A meme did the rounds on Saturday morning that offered a theory of why Labour had done so badly in the local elections.
It read: “Labour: a bunch of rich people convincing poor people to vote for rich people by telling poor people that ‘other’ rich people are the reason they are poor.”
It may be true that any attacks Labour launched on expensive Tory tastes in interior design did not seem to put voters off. As one voter in Teesside told the FT last week: “Boris deserves nice curtains given what he’s been through with Covid.”
But look at where Labour did well – Wales, Greater Manchester, the Liverpool city region, Preston – and you can see that where the party led with conviction, promoting a positive vision for their local area, it was rewarded at the ballot box.
Some of the more significant signs of green shoots for Labour were in southern England. The former MP Dan Norris was elected mayor for the West of England, taking the seat from the Conservative incumbent with 59.5% of the vote. In Cambridgeshire and Peterborough, Labour’s Nik Johnson took the seat from the Conservatives with 51.3% of the vote.
In contrast to the results in “red wall” areas of England, Norris said Starmer had “unlocked this election” in the Bristol region and that he felt Labour was still the party of the working class.
In Preston, where the Labour administration has pioneered a form of localism known as the Preston model, it retained all 10 seats it was defending. The idea is simple: the council keeps money as close to home as possible so that the amount spent locally goes up. Where other authorities privatised, Preston has grown its own businesses and created worker-owned co-operatives.
In the Liverpool city region, where Steve Rotheram has led a skills- and digital-based agenda, he was rewarded with an only slightly reduced vote share – a minor miracle given the corruption investigation that engulfed Liverpool city council in recent months.
He can justifiably claim a strong personal vote. According to his team, his final result of 58.2% of the vote, just one percentage point down on 2017, was 12% up on Labour’s overall vote share in the local council elections across the city region on Thursday.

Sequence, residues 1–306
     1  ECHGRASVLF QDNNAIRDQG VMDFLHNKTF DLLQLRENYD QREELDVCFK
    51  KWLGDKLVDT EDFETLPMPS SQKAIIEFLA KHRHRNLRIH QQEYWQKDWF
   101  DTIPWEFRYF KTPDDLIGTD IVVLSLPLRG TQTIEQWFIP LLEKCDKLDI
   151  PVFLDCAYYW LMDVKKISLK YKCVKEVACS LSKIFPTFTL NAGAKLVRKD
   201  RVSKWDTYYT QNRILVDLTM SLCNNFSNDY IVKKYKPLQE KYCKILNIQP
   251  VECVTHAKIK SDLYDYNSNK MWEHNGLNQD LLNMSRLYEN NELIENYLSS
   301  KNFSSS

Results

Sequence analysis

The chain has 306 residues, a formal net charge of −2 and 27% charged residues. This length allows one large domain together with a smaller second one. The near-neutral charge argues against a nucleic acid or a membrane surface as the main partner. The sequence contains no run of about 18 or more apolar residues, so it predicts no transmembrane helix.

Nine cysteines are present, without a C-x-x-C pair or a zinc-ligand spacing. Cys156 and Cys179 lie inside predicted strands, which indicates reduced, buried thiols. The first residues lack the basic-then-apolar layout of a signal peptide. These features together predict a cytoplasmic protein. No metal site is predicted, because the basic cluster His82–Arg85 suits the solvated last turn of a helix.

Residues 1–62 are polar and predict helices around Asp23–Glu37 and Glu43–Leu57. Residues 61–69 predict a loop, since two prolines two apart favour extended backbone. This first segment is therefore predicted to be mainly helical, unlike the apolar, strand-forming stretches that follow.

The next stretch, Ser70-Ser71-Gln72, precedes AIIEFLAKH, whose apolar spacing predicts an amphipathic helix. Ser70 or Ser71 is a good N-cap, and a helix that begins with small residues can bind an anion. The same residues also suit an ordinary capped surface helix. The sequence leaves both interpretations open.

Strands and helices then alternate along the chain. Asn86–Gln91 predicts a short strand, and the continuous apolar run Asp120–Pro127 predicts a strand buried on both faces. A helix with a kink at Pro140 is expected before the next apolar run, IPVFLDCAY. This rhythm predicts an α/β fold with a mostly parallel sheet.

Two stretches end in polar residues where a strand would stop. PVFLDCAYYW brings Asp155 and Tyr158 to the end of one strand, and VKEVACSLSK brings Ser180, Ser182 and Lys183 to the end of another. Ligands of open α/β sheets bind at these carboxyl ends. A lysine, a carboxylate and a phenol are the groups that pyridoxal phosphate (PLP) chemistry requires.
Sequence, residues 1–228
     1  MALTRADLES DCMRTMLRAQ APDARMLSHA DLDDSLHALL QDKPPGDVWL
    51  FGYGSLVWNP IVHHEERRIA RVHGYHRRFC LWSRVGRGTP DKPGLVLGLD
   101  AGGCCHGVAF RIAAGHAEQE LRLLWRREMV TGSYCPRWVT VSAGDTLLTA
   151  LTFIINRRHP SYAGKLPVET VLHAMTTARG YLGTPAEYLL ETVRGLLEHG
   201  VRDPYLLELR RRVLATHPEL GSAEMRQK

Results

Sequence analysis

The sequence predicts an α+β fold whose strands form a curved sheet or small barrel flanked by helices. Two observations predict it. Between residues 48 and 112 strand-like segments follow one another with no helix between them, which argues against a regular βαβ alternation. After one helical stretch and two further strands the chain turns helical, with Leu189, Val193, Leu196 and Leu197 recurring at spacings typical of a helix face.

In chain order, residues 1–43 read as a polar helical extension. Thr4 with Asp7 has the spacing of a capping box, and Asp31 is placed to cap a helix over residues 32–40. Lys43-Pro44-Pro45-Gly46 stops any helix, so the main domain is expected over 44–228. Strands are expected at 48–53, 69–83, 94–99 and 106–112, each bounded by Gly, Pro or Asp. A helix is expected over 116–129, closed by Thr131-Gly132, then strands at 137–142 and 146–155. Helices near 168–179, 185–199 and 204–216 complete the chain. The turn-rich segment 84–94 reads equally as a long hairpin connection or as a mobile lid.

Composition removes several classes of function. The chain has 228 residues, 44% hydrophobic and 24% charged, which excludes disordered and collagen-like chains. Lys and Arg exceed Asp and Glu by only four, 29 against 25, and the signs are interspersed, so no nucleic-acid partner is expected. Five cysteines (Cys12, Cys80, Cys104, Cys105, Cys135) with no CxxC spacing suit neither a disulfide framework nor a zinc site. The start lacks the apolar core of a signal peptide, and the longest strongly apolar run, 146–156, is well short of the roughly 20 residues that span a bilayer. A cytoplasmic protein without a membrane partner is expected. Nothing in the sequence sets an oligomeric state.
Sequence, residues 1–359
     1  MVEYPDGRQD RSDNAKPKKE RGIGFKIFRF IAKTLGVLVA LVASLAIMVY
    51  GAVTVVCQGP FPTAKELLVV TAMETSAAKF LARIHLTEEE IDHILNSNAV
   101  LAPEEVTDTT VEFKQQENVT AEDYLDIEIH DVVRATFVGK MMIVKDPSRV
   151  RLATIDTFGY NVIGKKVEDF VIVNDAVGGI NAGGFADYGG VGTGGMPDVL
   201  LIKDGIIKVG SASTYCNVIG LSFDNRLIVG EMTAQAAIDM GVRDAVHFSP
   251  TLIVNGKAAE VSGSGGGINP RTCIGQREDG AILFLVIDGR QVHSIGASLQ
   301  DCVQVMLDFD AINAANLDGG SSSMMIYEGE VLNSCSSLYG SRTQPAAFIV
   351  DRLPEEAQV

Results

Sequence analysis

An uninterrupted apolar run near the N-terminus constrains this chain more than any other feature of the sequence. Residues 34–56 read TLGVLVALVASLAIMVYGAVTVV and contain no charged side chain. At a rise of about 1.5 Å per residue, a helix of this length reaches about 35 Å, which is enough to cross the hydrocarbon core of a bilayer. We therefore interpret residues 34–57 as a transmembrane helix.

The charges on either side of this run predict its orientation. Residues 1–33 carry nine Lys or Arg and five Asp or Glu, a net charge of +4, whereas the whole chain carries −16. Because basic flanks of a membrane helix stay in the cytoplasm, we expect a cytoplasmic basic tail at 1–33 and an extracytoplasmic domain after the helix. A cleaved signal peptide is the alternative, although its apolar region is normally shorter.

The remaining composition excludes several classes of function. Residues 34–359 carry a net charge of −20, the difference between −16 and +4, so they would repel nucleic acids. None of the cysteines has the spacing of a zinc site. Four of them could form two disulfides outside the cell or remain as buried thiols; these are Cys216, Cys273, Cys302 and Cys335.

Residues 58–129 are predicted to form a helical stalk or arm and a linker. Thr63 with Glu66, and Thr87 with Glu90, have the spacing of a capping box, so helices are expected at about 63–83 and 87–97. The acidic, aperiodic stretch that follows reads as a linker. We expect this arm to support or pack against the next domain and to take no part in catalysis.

Labour’s strong performance in Wales also shows “the importance of being in power and doing stuff”, tweeted former Labour MP Caroline Flint, who lost her Don Valley seat in 2019. “Their success is a reflection on how the pandemic has been handled: focus on matters people care about and still deep ties with communities,” she added.
In Greater Manchester, Andy Burnham won a huge victory and the “sensible socialist” mayor of Salford, Paul Dennett, increased his vote share to 59%, a 10% increase on his first preference performance in 2016.
In his victory speech, Dennett said he had bucked the national trend with a “message of hope and optimism”. He said he had tried to influence Salford’s growth “to ensure it benefits the residents who live here”, bringing services back to the council and building social housing once more – “something many people told us was impossible”.
He criticised Labour nationally for lacking an industrial strategy for the red wall. “Instead, we embraced the new global economy of finance and services – bleeding yet more life out of the towns where our voters traditionally came from.”
He asked Keir Starmer to “look not only to Salford but to Greater Manchester under the leadership of Andy Burnham,” saying: “There is a path Labour can take, which unites our traditional voters with young, and new voters.”
Antonia Jennings, the associate director of the Centre for Local Economic Strategies, said: “While nationally the picture has been grim for Labour, where we have seen them put forward candidates that are locally rooted and promoting community wealth-building programmes (eg Preston, Salford), they’ve been successful.”
She said it was right for the opposition to point out the government’s failures in the pandemic, but that you could not win on negativity alone. “People aren’t going to vote for you because you are a good critic. You’ve got to have something to say and you need to offer an alternative.”